METRO CONNECTS Long-Range Plan

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Metro Connects

Fleet, Infrastructure, and Workforce

Location. Locating bases near the start and end points of service provides operational benefits by limiting the distance vehicles travel without passengers. Metro considers land availability and use, along with potential impact to adjacent properties and area traffic, when siting a new base.

Partnerships. Metro has agreements with Sound Transit to share bus base capacity, helping both agencies operate efficiently.

Operational success. Bases should be located and designed for efficient and effective operations and maintenance to occur. They should provide working space for employees.

Employee access. Bases must provide adequate space for employees to park on site, or include mobility solutions in their siting, to ensure all employees can reliably and conveniently access their work site.

Resilience. Facilities should be sited in locations not expected to be impacted by sea-level rise, with further attention to the effect of sea-level rise on the routes those bases support. With deployment of electric buses, proximity to key utility infrastructure adds to the resilience of the site in a catastrophic event as those services are restored first.

Metro continuously explores ways to maximize the use of facilities and reduce costs, such as parking some North Base buses near downtown Seattle during the day rather than driving empty buses back to the base.

Marine vessel maintenance facilities The existing infrastructure to support marine operations is a moorage and maintenance barge on the north side of Pier 48 in Seattle. The proximity to the Pier 50 passenger ferry terminal supports efficient servicing of vessels for preventative maintenance and emergency repairs. The facility provides moorage for all three existing vessels. As new routes are added, daily maintenance and moorage of new vessels will have to be sited at a terminal or a nearby location. Building a small satellite maintenance facility to provide reliable vessel operations will be a priority—especially for lake routes that will be far from the current maintenance barge.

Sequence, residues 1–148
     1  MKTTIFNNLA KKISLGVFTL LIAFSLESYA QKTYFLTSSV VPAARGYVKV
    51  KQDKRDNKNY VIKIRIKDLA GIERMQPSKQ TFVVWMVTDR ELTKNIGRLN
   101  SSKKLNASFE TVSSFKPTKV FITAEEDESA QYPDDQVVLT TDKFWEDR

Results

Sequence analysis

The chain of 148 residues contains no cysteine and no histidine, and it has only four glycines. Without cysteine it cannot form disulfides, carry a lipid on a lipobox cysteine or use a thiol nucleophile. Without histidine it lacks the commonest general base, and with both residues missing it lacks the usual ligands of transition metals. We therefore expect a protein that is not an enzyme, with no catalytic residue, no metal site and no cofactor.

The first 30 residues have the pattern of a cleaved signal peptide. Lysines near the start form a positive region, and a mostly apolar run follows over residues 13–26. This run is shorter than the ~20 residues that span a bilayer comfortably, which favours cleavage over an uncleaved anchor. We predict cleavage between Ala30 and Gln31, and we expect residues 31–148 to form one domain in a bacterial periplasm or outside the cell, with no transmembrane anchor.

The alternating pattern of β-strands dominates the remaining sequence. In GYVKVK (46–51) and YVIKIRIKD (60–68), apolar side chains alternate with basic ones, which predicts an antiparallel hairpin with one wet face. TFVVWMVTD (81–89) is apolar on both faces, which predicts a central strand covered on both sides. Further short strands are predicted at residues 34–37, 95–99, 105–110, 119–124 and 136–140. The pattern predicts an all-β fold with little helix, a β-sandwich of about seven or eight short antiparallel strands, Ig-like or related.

Support facilities Metro will also have to expand and accommodate facilities and functions to support non-bus fleets and deliver the Metro Connects service networks. For example, Metro’s paratransit fleet resides at one Metro owned base and a variety of contractor leased bases strategically located across the service area to provide efficient and timely service. To support efficient paratransit operations, Metro Connects calls for strategic planning for long term KCM facilities to include state of good repair ongoing improvement maintenance practices, technological upgrades, and the latest fleet maintenance techniques. Metro Connects support for expanding to new facilities and upgrading current facilities to meet SCAP standards would align with the county’s safety, equity, and sustainability goals. King County Metro Long Range Plan

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